A keen interest to learn about the complex micro-ecosystems that exist on Tswalu attracted accomplished field guide Lucy Stofberg to Tswalu and the southern Kalahari.
Lucy Stofberg grew up on a farm near Worcester in the Western Cape, but family holidays were all about camping and game drives in Southern Africa’s national parks. These childhood trips inspired Lucy to become a guide. “It really instilled a love for the continent,” she says. “It is a privilege to grow up among so many different landscapes, animals, cultures and people.”
Before arriving in the southern Kalahari, Lucy guided at Kwandwe Private Game Reserve in the Eastern Cape and in Odzala-Kokoua National Park in the Republic of Congo. “It’s been incredible to get to know these different ecosystems, and to slowly piece together and gain an understanding of the greater ecological systems spanning across and connecting the continent.”
Lucy has FGASA NQF4 Field Guide (previously known as Level 2) and Apprentice Trails Guide qualifications and is currently completing an Environmental Management degree through UNISA.
The opportunity to get to grips with an unfamiliar ecosystem drew Lucy to the Kalahari. “I’m very interested in the enormously complex and advanced micro-ecosystems found on Tswalu. Guiding here entails needing to understand the landscape and the adaptations of the animals. Using that knowledge and working closely with an experienced tracker is the best way to unearth the real treasures of the Kalahari.” She is also keen to learn more about the brilliant night skies.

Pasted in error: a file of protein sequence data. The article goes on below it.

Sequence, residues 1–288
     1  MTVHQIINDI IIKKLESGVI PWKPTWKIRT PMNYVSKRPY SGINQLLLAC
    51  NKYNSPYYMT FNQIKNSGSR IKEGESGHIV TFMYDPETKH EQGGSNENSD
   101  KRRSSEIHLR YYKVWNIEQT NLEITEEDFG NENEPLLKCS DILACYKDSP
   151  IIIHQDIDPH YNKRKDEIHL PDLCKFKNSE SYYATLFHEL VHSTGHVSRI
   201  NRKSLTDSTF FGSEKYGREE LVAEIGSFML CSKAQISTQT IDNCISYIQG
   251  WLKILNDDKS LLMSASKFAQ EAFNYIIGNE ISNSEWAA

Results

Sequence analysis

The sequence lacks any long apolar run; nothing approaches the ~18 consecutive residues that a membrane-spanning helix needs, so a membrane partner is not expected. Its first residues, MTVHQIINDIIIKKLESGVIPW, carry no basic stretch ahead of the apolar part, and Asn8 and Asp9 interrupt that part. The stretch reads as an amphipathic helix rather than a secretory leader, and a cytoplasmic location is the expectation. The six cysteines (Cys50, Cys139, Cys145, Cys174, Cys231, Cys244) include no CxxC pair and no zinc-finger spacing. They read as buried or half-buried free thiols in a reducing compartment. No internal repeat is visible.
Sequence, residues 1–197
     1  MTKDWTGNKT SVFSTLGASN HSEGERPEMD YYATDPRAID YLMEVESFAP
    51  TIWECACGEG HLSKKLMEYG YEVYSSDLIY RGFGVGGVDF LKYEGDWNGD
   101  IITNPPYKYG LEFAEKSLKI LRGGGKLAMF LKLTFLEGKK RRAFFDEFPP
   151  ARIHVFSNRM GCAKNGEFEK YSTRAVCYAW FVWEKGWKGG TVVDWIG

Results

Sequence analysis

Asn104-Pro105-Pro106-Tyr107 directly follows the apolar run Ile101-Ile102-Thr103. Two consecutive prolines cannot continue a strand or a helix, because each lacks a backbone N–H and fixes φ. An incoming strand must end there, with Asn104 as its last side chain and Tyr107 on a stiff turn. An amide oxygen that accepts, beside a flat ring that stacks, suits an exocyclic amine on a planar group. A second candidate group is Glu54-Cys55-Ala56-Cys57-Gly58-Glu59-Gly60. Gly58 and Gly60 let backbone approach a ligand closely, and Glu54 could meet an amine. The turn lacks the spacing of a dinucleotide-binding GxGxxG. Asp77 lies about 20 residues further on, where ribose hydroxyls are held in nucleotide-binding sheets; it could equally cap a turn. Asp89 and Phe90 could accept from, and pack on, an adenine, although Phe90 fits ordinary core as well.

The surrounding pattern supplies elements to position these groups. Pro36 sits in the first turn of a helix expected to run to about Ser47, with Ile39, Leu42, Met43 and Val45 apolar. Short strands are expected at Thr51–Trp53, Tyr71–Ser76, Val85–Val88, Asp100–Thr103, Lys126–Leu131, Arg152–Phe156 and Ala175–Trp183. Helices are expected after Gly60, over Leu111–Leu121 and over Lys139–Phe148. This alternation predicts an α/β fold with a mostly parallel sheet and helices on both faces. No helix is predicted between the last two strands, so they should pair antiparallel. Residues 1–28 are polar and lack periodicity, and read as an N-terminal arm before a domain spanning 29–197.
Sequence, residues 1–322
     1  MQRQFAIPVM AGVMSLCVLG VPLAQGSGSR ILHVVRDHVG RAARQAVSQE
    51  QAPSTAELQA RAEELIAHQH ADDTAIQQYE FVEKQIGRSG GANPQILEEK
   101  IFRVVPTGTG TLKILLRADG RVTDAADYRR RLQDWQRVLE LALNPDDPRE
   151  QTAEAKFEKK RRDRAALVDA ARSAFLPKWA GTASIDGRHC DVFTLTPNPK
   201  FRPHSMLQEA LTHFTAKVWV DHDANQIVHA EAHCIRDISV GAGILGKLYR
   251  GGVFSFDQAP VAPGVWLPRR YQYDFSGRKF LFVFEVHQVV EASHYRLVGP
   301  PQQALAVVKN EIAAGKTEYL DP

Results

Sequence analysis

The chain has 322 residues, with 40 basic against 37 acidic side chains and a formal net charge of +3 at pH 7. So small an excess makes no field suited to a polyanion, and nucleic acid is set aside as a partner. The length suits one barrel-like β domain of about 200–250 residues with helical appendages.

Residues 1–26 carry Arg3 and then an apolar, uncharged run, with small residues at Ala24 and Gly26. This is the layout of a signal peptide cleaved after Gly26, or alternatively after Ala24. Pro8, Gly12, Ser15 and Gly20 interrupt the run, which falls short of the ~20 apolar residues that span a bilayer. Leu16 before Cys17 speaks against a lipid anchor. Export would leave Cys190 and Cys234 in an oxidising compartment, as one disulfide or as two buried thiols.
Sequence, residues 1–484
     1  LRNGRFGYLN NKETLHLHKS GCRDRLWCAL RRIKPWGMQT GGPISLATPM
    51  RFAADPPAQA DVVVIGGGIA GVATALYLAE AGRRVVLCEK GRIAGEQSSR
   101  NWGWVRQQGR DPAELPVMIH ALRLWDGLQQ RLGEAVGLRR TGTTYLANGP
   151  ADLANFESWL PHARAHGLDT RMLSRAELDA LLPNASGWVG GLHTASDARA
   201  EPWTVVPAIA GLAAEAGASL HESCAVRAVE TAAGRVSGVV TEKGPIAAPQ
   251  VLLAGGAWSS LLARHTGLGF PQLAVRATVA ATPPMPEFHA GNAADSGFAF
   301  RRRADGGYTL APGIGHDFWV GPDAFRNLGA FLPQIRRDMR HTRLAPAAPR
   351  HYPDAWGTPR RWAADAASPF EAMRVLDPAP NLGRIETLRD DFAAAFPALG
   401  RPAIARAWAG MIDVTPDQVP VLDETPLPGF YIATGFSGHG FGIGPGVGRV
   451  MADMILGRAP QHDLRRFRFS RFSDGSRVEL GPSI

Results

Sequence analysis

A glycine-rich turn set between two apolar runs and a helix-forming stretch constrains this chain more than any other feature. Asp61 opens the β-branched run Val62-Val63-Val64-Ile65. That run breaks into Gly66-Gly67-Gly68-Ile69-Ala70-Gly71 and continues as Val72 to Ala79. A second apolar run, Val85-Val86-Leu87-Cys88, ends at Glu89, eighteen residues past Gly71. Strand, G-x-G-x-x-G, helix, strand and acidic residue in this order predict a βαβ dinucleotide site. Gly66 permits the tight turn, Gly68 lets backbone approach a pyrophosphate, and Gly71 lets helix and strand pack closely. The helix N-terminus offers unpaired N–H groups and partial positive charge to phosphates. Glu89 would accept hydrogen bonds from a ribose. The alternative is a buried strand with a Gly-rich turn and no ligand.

Lucy believes that to thrive and succeed as a guide requires a genuine interest and curiosity in the natural world. “You need to appreciate the small things and the big things, the very weird and the more ‘ordinary’ things. This genuine interest, alongside a passion to share it with people, is what continually pushes me to become a better guide.”
Her most memorable sighting so far at Tswalu? It happened within Lucy’s first week at Tswalu.
“I was driving around, orientating myself, when I came to the top of a dune. It was just before sunset and the pastel skies were breathtaking. I stopped to take in the vastness and beauty of the landscape. After a few minutes, I noticed a Fork-tailed Drongo dipping in and out of the long, dry grasses. I thought I saw the outline of one of the most elusive animals in the Kalahari! I walked into the veld to where the grasses were moving and slowly parting as the animal was walking. When I edged closer, I saw that it was a pangolin! I was so excited; I hardly knew what to do with myself.”
While slowing down and taking the time to appreciate the beauty of the Kalahari, Lucy had happened across one of Tswalu’s notoriously shy and well-hidden inhabitants.
“Although this was an extremely fortunate sighting, it made me realise how truly wild this area still is – and how importance its protection is. A research team from the Tswalu Foundation was able to tag the pangolin for a project that is looking at their ecological role in the Kalahari ecosystem.”
Tracking plays a vital role at Tswalu, and Lucy is enjoying working alongside the trackers and learning daily. “The Kalahari and the art of tracking are synonymous. The landscape comes alive as the stories left in the sand are unravelled by skills that take years of experience. Vast areas and tough substrates require the very best trackers, and it’s an honour to be working with these trackers.”
Main image taken by Mark Winckler. Image of the Tswalu Foundation team at work taken by Lucy Stofberg.